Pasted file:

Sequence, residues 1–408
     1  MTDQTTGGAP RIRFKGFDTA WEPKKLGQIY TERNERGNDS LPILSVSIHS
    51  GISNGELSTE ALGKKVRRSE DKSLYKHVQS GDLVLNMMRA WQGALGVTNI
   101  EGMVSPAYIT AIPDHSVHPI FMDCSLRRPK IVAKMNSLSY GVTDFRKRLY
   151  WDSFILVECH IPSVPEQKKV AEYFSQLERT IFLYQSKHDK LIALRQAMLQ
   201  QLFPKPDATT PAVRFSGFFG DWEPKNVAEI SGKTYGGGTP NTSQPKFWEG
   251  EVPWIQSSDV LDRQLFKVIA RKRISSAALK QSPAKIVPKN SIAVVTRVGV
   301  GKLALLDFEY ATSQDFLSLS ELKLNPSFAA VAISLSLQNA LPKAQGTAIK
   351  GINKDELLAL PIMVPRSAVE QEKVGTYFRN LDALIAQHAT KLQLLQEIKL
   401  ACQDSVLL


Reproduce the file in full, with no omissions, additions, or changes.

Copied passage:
Sequence, residues 1–408
     1  MTDQTTGGAP RIRFKGFDTA WEPKKLGQIY TERNERGNDS LPILSVSIHS
    51  GISNGELSTE ALGKKVRRSE DKSLYKHVQS GDLVLNMMRA WQGALGVTNI
   101  EGMVSPAYIT AIPDHSVHPI FMDCSLRRPK IVAKMNSLSY GVTDFRKRLY
   151  WDSFILVECH IPSVPEQKKV AEYFSQLERT IFLYQSKHDK LIALRQAMLQ
   201  QLFPKPDATT PAVRFSGFFG DWEPKNVAEI SGKTYGGGTP NTSQPKFWEG
   251  EVPWIQSSDV LDRQLFKVIA RKRISSAALK QSPAKIVPKN SIAVVTRVGV
   301  GKLALLDFEY ATSQDFLSLS ELKLNPSFAA VAISLSLQNA LPKAQGTAIK
   351  GINKDELLAL PIMVPRSAVE QEKVGTYFRN LDALIAQHAT KLQLLQEIKL
   401  ACQDSVLL